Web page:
October 20, 2017

Wikipedia Leads; Will Search Engines NoFollow?

Wikipedia has announced that all of its outgoing hyperlinks will now include the rel=”nofollow” attribute, which instructs search engines to disregard the links. Search engines infer a page’s importance by seeing who links to it – pages that get many links, especially from important sites, are deemed important and are ranked highly in search results. A link is an implied endorsement: “link love”. Adding nofollow withholds Wikipedia’s link love – and Wikipedia, being a popular site, has lots of link love to give.

Nofollow is intended as an anti-spam measure. Anybody can edit a Wikipedia page, so spammers can and do insert links to their unwanted sites, thereby leeching off the popularity of Wikipedia. Nofollow will reduce spammers’ incentives by depriving them of any link love. Or that’s the theory, at least. Bloggers tried using nofollow to attack comment spam, but it didn’t reduce spam: the spammers were still eager to put their spammy text in front of readers.

Is nofollow a good idea for Wikipedia? It depends on your general attitude toward Wikipedia. The effect of nofollow is to reduce Wikipedia’s influence on search engine rankings (to zero). If you think Wikipedia is mostly good, then you want it to have influence and you’ll dislike its use of nofollow. If you think Wikipedia is unreliable and random, then you’ll be happy to see its influence reduced.

As with regular love, it’s selfish to withhold link love. Sometimes Wikipedia links to a site that competes with it for attention. Without Wikipedia’s link love, the other site will rank lower, and it could lose traffic to Wikipedia. Whether intended or not, this is one effect of Wikipedia’s action.

There are things Wikipedia could do to restore some of its legitimate link love without helping spammers. It could add nofollow only to links that are suspect – links that are new, or were added by an user without a solid track record on the site, or that have survived several rewrites of a page, or some combination of such factors. Even a simple policy of using nofollow for the first two weeks might work well enough. Wikipedia has the data to make these kinds of distinctions, and it’s not too much to ask for a site of its importance to do the necessary programming.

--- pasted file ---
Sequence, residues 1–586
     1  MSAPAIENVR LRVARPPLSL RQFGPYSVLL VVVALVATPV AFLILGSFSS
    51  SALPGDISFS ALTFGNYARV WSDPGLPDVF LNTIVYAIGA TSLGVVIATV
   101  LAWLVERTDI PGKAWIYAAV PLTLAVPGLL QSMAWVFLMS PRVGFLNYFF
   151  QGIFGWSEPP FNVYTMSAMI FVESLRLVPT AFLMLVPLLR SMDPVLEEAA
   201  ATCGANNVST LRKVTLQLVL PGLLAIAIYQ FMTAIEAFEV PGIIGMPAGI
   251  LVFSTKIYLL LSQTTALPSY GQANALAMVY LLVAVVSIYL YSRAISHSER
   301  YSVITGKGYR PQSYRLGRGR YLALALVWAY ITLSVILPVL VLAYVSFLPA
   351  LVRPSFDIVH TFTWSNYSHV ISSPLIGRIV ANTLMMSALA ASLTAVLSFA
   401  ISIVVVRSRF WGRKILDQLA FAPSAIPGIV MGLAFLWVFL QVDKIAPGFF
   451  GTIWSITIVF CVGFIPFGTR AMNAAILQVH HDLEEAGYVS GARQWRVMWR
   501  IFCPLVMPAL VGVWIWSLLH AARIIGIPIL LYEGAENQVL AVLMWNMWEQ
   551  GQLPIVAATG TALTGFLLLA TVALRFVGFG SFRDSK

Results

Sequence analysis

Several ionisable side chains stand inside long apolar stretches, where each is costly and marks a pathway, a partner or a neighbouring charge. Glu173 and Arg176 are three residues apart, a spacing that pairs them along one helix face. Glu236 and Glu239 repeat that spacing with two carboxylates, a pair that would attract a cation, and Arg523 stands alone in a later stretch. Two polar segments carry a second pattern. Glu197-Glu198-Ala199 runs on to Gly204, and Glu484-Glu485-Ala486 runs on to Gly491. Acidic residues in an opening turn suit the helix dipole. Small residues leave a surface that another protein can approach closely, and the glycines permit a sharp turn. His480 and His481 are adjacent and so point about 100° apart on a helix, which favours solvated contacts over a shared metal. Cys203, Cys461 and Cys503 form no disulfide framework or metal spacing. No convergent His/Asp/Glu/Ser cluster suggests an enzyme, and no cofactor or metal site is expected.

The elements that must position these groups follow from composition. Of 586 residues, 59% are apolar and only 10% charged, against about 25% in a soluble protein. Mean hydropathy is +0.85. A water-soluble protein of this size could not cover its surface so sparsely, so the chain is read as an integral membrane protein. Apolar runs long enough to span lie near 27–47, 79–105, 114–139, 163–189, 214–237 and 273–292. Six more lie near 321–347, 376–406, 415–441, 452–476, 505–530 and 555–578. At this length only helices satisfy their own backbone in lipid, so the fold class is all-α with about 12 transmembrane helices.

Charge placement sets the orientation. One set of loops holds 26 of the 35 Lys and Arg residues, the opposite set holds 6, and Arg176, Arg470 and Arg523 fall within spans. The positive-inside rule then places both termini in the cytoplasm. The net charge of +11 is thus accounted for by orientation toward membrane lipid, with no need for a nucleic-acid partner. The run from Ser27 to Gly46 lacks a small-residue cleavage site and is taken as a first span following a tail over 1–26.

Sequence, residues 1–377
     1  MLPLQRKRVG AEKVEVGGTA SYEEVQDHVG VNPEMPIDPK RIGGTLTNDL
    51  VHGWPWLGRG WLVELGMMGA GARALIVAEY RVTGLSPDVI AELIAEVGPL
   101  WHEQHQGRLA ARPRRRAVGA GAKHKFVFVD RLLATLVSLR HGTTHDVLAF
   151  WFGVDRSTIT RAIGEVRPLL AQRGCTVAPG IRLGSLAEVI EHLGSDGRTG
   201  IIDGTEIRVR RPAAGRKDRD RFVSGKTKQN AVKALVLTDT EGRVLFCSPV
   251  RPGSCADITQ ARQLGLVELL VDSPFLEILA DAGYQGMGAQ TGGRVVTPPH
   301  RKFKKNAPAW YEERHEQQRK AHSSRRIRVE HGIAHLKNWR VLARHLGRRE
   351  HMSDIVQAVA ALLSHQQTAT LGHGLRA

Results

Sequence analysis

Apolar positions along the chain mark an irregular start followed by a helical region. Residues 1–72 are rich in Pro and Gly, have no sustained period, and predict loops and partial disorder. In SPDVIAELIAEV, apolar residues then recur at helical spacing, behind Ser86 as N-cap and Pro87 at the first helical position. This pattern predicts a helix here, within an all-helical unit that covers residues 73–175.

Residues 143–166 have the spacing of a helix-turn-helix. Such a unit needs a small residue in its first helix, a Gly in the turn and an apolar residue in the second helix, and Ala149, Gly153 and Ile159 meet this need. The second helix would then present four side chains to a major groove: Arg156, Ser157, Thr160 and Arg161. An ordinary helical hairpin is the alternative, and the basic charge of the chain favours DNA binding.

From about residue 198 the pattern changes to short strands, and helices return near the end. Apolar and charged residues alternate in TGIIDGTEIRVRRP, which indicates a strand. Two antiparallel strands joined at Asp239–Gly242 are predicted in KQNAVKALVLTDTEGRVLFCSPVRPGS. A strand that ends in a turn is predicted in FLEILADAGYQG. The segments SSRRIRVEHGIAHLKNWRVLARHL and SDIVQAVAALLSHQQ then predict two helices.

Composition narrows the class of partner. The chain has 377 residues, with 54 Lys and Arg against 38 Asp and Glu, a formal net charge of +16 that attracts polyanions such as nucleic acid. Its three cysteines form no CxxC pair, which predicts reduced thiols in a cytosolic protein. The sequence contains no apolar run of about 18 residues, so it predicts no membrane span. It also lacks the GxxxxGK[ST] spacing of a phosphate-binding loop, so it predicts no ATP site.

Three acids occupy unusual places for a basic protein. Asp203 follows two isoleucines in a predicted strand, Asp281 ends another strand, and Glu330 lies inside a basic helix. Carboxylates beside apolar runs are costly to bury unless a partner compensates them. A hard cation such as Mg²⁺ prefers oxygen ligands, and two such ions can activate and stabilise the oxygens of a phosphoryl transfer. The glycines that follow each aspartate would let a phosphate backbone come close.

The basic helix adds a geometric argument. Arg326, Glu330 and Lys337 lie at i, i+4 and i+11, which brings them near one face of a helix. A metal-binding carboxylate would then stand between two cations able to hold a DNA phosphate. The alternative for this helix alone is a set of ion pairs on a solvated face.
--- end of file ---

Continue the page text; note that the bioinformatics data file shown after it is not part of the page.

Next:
But the one element missing so far in this discussion is the autonomy of the search engines. Wikipedia is asking search engines not to assign link love, but the search engines don’t have to obey. Wikipedia is big enough, and quirky enough, that the search engines’ ranking algorithms probably have Wikipedia-specific tweaks already. The search engines have surely studied whether Wikipedia’s link love is reliable enough – and if it’s not, they are surely compensating, perhaps by ignoring (or reducing the weight of) Wikipedia links, or perhaps by a rule such as ignoring links for the first few weeks.

Whether or not Wikipedia uses nofollow, the search engines are free to do whatever they think will optimize their page ranking accuracy. Wikipedia can lead, but the search engines won’t necessarily nofollow.

Comments

  1. I have a site that someone linked a couple years ago (the site is the #1 resource for this particular subject) on Wikipedia. My site is small and I appreciated the “link love” from a high-ranking site like Wikipedia. Therefore, I’m all for them figuring-out how to properly handle the nofollow situation.

    I think that your ideas for trusted editors approving links or something like that could be implemented (and should be). Whether or not they do it, though, is another story.

  2. The search engines, of course, will never disclose how they weight links from any site, and Wikipedia is certainly big enough and popular enough that it deserves special-case treatment. An interesting challenge is whether anybody can infer the actual behavior of the search engines based on the page rank that gets assigned (or not) as a result of Wikipedia links.